|A portion of the paper work from our last adoption|
The first step in a Russian adoption is tackling massive amounts of paperwork. We gather vital documents like our marriage license, birth certificates, and tax returns. Once we've gathered the required paperwork which validates who we are and our ability to care for the new children financially, then we're required to get each document notarized.
Once the forms are notarized, they must be apostilled. Don't bother looking up the word apostille in the dictionary; you won't find it. An apostille is a watermarked certificate produced by each of the 50 secretary of state's offices. The certificate carries that state's embossed seal and is an authentication of the notarization. An apostille must come from the state in which the document or form was produced. For example, we were married in Colorado so our marriage licenses must be notarized and apostilled in Colorado.
After the documents are returned to us from the appropriate Secretaries of State offices, then the next step is to get the paperwork copied. When we adopt multiple children, we're required to submit a stack of the documents for each of the children. In addition, the agency needs multiple copies of every document.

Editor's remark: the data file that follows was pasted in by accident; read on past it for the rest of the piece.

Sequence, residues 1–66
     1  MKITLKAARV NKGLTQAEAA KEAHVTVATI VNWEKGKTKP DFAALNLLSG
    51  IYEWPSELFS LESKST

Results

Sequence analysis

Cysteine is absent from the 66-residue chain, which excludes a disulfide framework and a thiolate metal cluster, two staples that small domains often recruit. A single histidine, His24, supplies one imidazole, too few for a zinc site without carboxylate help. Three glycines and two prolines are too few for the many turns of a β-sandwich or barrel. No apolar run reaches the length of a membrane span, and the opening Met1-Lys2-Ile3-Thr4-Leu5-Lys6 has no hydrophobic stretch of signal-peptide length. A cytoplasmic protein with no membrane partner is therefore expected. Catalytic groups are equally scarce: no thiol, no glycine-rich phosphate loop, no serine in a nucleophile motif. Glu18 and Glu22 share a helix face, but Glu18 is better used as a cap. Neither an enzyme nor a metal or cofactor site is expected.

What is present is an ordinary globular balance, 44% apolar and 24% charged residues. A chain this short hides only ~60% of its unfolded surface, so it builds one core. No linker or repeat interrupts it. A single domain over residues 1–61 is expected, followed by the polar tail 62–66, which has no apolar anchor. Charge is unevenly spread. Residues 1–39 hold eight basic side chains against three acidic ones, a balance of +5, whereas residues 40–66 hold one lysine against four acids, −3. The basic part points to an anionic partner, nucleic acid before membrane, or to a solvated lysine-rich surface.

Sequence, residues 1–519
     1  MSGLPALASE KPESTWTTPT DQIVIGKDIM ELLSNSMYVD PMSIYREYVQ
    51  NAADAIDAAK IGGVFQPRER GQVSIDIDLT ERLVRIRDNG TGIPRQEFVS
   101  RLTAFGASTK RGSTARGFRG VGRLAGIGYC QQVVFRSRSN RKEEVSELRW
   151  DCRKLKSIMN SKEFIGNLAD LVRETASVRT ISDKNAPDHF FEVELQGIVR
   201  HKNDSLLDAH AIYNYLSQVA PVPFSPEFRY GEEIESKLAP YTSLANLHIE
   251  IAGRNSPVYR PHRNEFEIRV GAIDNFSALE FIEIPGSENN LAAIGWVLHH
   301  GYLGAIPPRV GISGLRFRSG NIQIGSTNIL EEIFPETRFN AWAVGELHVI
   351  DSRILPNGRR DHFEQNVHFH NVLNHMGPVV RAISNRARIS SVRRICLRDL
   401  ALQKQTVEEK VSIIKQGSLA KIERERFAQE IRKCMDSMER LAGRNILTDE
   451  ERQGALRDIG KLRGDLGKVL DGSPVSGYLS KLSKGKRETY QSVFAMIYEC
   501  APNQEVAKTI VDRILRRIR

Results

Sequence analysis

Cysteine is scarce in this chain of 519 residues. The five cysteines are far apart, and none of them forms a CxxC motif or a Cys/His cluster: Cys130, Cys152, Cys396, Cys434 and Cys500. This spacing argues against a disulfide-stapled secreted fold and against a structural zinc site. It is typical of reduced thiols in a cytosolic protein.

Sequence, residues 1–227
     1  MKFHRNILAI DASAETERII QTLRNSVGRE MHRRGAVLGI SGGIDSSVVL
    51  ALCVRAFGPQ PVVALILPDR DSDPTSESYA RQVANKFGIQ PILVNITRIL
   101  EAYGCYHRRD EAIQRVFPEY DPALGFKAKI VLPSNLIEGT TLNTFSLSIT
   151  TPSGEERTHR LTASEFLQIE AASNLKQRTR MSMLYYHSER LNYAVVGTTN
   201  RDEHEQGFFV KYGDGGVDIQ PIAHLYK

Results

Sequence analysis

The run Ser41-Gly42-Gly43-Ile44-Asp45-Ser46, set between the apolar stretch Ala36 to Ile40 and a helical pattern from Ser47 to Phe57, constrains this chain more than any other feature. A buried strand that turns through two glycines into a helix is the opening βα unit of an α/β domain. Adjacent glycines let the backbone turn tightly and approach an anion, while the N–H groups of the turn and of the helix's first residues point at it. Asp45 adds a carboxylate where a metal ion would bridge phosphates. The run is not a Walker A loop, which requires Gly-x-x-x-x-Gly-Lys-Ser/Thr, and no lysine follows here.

We're just at the beginning stage of the paper chase, but we've mailed our application to adopt three brothers and their little sister. Even that application measured about half an inch. We've already held a mini celebration. The decision to adopt has been made. The application has been submitted.
Best of all, we've received word from the agency that will prepare paperwork to be submitted to Russia that we can use the same Iowa social worker that we did two years ago during the last adoption. Janette will prepare our home study. The confirmation was an answer to very specific prayers. Janette is a Christian who understands God's call on our lives to bring orphaned children into our family. We have our first homestudy visit on Wednesday. And then... more paperwork.